By Tom Ioia, transplant recipient
Growing up, my dad was relatively healthy despite having an inherited condition, Familial Adenomatous Polyposis, which causes polyps to develop in the colon. He deal and dealt with, and managed, the syndrome for years.
In high school I was tested to see if I also carried the gene – I did. Although I had the same condition as dad, mine was different. My polyps were pre-cancerous and in 2005 a portion of my large intestine was removed to lessen of the risk of colon cancer.
For the next three years my life was semi-normal. I went to college and got married. I didn’t know my health would begin to take complete control over my life.
In 2008, large benign tumors were found growing in my abdomen, constricting my organs. I endured 13 months of chemotherapy to shrink the tumors. Then, from 2011-2014, I experienced eight bowel obstructions. My health was progressively getting worse, when finally in May 2014, my doctor suggested I may be a good candidate for an intestinal transplant.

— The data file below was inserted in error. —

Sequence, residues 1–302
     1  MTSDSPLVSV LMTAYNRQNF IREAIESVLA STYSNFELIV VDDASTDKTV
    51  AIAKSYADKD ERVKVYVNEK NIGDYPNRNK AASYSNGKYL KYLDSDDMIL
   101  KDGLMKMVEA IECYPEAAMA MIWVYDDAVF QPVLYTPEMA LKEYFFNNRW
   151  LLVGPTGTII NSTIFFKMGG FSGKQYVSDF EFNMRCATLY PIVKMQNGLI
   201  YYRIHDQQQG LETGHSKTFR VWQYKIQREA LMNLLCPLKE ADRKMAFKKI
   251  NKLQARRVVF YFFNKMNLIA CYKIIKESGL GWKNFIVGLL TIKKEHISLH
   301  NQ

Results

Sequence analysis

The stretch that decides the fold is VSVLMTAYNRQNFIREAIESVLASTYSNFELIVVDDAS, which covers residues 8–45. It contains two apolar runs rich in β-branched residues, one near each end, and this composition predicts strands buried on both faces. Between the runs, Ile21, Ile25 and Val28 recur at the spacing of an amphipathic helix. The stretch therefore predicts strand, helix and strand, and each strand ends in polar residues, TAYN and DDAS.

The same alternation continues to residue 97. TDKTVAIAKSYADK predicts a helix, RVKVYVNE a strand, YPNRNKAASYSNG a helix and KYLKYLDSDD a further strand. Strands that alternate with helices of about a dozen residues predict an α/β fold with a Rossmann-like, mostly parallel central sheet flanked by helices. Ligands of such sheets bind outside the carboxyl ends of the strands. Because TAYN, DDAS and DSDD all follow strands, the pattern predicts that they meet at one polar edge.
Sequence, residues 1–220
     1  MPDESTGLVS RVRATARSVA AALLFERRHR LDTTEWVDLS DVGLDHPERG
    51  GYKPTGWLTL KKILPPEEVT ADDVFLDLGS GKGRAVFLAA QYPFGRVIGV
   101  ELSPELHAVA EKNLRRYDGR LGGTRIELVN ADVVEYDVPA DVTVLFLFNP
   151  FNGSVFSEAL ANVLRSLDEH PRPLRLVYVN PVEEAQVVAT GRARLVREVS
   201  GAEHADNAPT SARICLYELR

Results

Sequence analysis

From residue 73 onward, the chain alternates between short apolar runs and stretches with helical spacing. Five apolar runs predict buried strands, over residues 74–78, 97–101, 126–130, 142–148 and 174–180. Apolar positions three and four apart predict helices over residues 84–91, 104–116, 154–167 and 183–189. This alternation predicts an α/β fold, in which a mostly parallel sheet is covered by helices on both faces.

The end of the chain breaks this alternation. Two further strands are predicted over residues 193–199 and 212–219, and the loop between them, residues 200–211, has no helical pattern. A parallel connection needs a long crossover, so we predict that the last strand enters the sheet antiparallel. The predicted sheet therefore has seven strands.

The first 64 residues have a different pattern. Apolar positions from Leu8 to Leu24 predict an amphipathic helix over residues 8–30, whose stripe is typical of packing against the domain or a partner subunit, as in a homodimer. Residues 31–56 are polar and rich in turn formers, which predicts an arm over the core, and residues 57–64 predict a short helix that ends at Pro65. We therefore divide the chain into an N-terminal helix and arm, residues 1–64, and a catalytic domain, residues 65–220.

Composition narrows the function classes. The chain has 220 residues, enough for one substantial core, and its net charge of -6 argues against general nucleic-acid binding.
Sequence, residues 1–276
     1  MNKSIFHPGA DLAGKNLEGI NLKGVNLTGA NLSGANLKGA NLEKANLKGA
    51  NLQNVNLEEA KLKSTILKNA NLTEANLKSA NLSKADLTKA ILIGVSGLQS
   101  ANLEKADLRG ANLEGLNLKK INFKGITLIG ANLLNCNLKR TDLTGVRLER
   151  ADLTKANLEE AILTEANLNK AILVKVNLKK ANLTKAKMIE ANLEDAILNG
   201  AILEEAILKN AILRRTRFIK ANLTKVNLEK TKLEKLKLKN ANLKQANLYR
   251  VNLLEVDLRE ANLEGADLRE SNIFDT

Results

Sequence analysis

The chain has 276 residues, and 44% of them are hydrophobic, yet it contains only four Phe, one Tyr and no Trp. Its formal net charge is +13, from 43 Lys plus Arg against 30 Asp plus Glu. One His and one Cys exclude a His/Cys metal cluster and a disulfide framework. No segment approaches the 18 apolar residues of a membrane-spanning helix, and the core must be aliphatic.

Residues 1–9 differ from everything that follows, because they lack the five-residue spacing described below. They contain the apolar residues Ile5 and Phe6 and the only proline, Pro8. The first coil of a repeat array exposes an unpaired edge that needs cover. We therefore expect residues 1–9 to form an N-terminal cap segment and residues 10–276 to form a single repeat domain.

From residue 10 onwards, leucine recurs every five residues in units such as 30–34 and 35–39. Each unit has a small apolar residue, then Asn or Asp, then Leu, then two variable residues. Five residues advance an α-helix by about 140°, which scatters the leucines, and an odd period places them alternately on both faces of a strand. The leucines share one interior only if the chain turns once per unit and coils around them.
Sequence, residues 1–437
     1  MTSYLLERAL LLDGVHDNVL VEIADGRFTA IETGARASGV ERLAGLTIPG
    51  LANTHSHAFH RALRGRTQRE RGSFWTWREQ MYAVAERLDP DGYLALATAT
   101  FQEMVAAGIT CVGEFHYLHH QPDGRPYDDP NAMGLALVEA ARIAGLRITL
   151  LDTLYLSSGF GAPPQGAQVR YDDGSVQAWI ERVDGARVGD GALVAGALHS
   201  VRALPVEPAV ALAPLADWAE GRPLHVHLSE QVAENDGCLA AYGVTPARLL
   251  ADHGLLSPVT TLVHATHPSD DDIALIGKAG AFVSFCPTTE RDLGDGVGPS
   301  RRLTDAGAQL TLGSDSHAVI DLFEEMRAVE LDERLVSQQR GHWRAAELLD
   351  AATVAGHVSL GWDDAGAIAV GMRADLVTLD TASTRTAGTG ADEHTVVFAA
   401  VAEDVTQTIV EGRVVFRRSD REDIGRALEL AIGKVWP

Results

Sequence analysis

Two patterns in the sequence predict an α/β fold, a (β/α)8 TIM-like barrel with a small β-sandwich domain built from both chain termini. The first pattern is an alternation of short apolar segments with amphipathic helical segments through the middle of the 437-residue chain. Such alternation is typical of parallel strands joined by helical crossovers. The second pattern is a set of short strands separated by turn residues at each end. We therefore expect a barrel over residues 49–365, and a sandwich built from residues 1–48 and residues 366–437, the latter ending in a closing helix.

I first thought, “why me?” I was raising a young daughter with my wife, working and trying to be a productive member of society. I was only 30.
I met with the transplant team at Indiana University Hospital and went through testing to be listed, but it wasn’t until my health declined further in January 2016 that I was placed on the national transplant waiting list.
On April 7, 2016, I was taking a break with my co-workers when I thought I heard my phone ring. I checked and I had missed a call from Indiana University. I immediately called back and was informed there was a match and needed me in Indiana as soon as possible. I was elated!
After the rush of realizing my time had come to receive a transplant, I became nervous of what lay before me – surgery, recovery and returning to health. I was also thinking of my donor, their family and what they must be going through in their time of tragedy.
My transplant surgery went smoothly and two days later I was walking down the hall. My new life had begun! I wanted to get home so badly to be with my wife and daughter – I was so thankful for this gift and I wanted to share it with my family.
Shortly after the one-year anniversary of my transplant, I wrote a letter to my donor family. They wrote back and I learned my donor was a young boy named Chance. I am so thankful Chance’s family made the decision to donate his organs, giving others like me a new lease on life. He is my hero.
I am living proof of organ donation and grateful for this second chance. I ask you to consider registering as an organ, eye and tissue donor. Because of Chance and this gift, I can now watch my daughter grow up.